Outdoor cats have gotten something of a bad rap lately — and not without reason.
Recent research suggests that domestic cats kill billions of birds and other small animals every year, and could even pose a significant threat to local wildlife populations.
It’s a hot-button issue today for conservationists and wildlife enthusiasts, but in fact cats and wildlife have been at odds for decades — one striking example is the battle between Tibbles the cat and the Stephens Island Wren, a battle that ended with the wren’s total extinction.
Tibbles lived more than a hundred years ago on Stephens Island, a small island off the southern coast of New Zealand, where her owner, David Lyall, was one of the lighthouse keepers. The wren lived there, too.
A mysterious little animal, small enough to fit in the palm of your hand, the Stephens Island wren was believed to be nocturnal and flightless, much like the highly endangered kiwi bird that still roams New Zealand. It probably scurried along the ground gobbling up insects, as other surviving species of New Zealand wrens do today.
The Stephens Island wren wasn’t always confined to Stephens Island. The fossil record shows that this little bird once roamed all of New Zealand.
But by 1894 invasive species brought by Europeans had all but wiped it out, except on Stephens Island.
1984 also happens to be the year Lyall and Tibbles moved to the island.
Legend has it that shortly after establishing themselves on the island, Tibbles started bringing dead wrens to her owner as presents, many of their bodies still in good condition despite having been killed by the cat. These little birdies didn’t die naturally.
Being interested in natural history, Lyall sent specimens off to England, where they fell into the hands of several naturalists, including Sir Walter Buller, an bird expert.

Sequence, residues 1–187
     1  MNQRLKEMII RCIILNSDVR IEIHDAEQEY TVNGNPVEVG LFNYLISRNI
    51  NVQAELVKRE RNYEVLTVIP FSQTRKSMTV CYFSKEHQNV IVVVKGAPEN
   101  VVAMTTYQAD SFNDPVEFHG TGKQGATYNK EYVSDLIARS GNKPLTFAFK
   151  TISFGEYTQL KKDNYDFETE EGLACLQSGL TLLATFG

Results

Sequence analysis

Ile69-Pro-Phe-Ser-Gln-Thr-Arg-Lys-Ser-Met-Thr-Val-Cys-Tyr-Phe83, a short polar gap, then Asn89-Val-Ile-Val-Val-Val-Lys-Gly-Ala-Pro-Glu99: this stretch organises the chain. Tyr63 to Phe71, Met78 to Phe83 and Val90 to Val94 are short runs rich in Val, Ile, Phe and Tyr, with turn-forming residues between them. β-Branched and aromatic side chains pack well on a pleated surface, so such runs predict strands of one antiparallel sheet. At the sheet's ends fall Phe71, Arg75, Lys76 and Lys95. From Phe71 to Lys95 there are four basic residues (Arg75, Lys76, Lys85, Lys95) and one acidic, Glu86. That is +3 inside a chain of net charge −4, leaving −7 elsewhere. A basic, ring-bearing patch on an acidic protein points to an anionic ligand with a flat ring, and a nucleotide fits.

Buller recognised the bird as a new species of wren and reported the discovery to the British Ornithologists’ Union — but, alas, it was too late for the Stephens Island Wren.
Legend goes that the little birds’ population was so decimated by Tibbles’ hunting habits that the whole species went extinct within a year of its discovery.
Not everyone blames Tibbles, though. It’s possible that the story of the Stephens Island wren is more complicated than the legend makes it out to be.
In a 2004 essay published by the Ornithological Society of New Zealand, Ross Galbreath and Derek Brown argue that the wren’s extinction may have been spread out over a slightly longer period of time — historical documents suggest that a few more specimens may have trickled in over the next two or three years.
Galbreath and Brown also write that there may have been more than one cat on the island, although records are unclear on this point.
However, it’s uncontested that cat predation was the nail in the coffin for the now-extinct Stephens Island wren. And Tibbles, whether she actually worked alone or not, has become the poster cat for the dangers posed by outdoor cats.
Meanwhile, preserved specimens of the Stephens Island wren now reside in natural history museums in both Britain and America — sad, stuffed reminders that small changes in an ecosystem can lead to very big consequences.
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